Richard, commandant of the place, is an African negro, ignorant and stupid, and a villain of the first order. It is his duty to examine all vessels on the morning of their departure, to see that no person, white, coloured, or black, belonging to the island, is on board,-to regulate the police of the town, and to hold courts. All petty prosecutions and disputes are decided before him. He also furnishes the passports, with which every person travelling from one part of the island to another, must be provided. He never refuses a bribe, and whenever he has it in his power to extort money, he never fails to do it. His opportunities of extortion are frequent. When he is on board examining a vessel at her departure, and while she is under way, the scoundrel pretends that he has discovered something in the manifest, the exportation of which by a late order is prohibited; he then orders the captain to heave his vessel to, and cast anchor. It must at once strike you that a delay, even of a few hours, is a very serious inconvenience, and that the sacrifice of a few dollars to avoid one, VOL. II.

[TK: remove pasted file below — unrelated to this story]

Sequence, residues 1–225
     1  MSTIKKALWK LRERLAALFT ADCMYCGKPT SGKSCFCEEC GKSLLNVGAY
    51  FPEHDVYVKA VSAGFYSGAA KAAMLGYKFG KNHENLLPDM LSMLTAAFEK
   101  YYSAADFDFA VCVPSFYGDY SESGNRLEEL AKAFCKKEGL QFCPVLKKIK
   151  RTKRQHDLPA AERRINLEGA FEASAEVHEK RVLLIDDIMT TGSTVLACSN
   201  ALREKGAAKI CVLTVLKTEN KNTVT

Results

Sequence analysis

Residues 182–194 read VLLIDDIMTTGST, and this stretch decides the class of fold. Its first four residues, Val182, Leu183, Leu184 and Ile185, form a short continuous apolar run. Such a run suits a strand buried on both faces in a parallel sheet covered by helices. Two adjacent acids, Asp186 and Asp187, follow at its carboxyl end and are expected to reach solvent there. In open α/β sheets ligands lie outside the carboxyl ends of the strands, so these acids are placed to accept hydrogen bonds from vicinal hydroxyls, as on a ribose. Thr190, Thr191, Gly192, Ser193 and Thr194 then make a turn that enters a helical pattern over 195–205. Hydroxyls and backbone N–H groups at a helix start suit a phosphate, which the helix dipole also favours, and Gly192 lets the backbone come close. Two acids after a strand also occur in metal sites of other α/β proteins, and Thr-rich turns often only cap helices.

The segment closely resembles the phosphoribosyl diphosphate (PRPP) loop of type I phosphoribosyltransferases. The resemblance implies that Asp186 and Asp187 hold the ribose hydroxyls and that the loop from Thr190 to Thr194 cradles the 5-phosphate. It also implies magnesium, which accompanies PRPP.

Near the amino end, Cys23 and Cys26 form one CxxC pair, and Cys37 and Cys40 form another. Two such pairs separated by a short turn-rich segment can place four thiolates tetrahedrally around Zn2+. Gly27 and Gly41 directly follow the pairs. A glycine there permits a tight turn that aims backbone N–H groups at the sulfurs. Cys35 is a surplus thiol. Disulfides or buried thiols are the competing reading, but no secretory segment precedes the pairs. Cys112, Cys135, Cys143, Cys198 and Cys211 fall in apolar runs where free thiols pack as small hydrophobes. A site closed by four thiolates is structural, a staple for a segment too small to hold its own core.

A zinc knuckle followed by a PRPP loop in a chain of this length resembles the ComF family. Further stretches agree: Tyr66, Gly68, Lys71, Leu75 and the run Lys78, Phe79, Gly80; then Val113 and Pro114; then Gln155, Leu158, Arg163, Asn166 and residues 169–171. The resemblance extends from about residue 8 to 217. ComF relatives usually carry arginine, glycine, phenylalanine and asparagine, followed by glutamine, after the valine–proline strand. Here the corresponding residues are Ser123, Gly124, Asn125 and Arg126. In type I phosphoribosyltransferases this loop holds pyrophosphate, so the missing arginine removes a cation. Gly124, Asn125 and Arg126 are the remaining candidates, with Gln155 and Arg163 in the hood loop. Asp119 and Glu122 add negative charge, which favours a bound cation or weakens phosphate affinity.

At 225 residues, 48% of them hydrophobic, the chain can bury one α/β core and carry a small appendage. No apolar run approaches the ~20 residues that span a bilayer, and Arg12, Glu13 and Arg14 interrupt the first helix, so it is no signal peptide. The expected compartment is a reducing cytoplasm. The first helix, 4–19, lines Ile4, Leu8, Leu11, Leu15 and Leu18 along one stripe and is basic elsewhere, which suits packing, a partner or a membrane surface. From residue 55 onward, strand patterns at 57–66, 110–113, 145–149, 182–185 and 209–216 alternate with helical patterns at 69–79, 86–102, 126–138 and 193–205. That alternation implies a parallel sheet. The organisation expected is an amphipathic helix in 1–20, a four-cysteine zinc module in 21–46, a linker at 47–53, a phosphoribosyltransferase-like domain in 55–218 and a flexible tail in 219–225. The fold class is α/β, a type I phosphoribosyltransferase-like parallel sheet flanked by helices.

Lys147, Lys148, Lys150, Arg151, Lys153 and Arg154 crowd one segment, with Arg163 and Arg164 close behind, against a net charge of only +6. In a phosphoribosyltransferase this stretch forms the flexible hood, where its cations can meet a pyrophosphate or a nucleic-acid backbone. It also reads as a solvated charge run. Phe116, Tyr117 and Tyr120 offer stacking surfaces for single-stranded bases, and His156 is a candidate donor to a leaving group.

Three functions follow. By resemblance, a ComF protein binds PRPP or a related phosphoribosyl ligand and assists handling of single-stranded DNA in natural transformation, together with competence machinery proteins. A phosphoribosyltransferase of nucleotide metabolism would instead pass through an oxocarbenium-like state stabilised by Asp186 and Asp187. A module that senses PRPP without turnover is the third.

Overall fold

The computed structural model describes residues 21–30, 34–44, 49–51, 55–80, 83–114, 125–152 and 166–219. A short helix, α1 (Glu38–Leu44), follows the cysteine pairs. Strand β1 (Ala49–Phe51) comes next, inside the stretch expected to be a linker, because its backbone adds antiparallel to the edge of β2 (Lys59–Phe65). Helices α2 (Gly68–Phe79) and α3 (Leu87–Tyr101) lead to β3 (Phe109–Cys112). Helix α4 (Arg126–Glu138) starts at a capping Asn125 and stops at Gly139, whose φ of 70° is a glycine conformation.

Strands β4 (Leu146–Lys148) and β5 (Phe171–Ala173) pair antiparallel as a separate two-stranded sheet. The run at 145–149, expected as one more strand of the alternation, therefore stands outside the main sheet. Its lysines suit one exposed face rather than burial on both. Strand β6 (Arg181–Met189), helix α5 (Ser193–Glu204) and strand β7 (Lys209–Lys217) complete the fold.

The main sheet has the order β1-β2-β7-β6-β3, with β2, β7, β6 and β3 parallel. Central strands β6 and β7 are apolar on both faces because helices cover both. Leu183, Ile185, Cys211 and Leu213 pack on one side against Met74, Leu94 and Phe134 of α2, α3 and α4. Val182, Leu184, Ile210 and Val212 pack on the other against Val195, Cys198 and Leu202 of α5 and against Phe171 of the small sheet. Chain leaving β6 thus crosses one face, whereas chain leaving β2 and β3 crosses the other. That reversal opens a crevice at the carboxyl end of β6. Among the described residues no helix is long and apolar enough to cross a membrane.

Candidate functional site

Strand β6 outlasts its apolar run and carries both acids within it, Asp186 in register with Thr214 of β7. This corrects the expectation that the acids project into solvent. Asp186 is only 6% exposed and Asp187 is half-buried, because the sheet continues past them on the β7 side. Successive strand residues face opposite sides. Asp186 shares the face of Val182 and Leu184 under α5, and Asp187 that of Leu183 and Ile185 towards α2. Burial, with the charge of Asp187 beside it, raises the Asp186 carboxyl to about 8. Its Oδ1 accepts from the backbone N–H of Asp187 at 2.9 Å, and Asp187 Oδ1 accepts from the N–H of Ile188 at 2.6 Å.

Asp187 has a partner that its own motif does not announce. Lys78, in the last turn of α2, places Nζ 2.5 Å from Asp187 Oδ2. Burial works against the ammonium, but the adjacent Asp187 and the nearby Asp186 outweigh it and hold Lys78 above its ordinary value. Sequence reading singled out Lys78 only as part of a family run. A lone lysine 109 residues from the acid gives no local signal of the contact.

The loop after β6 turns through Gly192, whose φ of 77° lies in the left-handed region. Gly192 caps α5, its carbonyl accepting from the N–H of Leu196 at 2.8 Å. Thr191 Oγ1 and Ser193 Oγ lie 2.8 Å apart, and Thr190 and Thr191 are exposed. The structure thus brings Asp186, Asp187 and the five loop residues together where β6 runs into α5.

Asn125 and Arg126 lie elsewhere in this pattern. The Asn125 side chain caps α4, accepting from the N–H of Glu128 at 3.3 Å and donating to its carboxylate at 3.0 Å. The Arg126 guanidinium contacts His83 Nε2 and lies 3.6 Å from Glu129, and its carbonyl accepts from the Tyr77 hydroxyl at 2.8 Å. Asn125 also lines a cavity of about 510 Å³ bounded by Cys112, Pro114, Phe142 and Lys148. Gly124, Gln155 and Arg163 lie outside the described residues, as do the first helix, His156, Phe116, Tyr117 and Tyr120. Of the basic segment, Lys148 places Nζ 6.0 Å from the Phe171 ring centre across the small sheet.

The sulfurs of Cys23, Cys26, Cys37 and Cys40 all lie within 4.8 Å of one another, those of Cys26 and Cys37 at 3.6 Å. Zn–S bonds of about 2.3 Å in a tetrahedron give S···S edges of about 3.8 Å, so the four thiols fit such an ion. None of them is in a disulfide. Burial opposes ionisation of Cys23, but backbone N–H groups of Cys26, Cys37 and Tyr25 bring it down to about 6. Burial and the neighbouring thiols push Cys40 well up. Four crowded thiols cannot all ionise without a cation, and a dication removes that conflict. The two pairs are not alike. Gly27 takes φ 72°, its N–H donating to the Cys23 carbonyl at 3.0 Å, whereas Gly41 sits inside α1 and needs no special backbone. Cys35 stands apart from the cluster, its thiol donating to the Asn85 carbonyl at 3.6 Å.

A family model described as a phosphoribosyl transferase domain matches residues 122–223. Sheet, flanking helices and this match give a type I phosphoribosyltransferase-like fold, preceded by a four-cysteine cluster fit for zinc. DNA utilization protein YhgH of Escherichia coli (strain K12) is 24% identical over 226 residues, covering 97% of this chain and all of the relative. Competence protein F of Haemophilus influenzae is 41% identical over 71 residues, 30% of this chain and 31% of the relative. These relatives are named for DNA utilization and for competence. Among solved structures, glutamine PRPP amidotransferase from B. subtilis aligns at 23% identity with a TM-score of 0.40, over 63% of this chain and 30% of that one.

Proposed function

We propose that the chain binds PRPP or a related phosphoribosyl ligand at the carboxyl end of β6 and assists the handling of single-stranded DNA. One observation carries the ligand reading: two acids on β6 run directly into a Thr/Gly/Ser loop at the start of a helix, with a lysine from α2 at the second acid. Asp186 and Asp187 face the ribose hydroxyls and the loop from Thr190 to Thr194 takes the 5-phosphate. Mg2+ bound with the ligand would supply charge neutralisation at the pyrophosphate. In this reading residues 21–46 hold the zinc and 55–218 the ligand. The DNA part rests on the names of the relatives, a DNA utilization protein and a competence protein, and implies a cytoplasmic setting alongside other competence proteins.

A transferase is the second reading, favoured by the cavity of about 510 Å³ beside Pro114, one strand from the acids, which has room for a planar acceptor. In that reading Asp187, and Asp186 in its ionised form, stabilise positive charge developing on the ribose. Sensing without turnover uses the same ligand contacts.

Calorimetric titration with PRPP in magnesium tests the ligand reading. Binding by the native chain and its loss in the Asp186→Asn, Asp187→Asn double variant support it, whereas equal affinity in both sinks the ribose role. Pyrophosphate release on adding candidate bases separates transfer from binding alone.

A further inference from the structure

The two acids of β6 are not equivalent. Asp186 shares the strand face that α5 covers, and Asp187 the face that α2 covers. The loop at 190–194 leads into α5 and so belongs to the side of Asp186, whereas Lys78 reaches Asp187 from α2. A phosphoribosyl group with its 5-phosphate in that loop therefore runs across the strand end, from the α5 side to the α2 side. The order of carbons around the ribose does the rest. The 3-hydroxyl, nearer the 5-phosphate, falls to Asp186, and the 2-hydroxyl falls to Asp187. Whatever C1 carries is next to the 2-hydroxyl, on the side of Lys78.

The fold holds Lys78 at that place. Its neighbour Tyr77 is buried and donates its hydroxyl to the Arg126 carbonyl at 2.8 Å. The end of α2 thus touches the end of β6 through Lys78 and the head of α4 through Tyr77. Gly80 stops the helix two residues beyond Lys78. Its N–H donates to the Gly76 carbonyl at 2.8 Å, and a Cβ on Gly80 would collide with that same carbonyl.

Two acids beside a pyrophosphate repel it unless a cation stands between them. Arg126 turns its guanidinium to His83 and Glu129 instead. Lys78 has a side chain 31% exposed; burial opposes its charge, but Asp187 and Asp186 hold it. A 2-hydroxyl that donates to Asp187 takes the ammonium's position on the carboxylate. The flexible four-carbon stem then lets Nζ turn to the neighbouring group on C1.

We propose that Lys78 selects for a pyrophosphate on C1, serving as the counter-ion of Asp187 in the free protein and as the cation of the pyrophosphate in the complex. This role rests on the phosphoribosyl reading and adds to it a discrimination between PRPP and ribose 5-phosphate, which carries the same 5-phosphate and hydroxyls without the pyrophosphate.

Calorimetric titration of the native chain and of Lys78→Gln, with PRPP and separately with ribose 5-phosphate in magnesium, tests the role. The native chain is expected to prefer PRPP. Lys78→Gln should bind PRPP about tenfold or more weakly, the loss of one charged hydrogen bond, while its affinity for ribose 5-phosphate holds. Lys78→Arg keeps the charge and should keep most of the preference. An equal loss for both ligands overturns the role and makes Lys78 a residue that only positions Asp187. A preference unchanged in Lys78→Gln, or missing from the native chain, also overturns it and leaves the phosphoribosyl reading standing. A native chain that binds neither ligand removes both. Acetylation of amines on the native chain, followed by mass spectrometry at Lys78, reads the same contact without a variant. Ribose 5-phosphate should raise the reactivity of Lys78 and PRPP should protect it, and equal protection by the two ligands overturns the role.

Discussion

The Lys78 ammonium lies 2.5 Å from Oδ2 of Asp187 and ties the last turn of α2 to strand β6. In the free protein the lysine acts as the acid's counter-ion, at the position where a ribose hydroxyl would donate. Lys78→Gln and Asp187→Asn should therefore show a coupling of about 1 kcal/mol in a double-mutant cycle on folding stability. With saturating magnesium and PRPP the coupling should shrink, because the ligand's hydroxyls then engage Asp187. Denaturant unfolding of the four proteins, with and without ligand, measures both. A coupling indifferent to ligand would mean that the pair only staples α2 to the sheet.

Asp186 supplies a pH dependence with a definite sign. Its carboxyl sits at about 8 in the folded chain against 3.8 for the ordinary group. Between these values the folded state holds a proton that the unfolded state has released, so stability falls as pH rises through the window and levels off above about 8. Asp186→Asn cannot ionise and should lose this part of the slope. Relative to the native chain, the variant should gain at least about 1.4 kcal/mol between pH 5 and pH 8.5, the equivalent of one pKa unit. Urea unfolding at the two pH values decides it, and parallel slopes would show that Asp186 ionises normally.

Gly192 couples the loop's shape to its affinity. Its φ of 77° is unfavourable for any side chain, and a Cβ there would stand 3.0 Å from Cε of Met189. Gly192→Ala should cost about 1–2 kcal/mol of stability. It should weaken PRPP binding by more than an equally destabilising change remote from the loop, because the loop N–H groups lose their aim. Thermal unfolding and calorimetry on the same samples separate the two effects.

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a comparative trifle. Thus the villain imposes upon strangers, and seldom fails to receive eight or ten dollars, as a compromise. Richard can read and write after a manner, but the principal part of his business is transacted by Rimet his colleague, and a white clerk. The perquisites of his office, added to his extortions, are not sufficient to support him in style, and he consequently lives in rather an obscure state, and cuts but a mean appearance.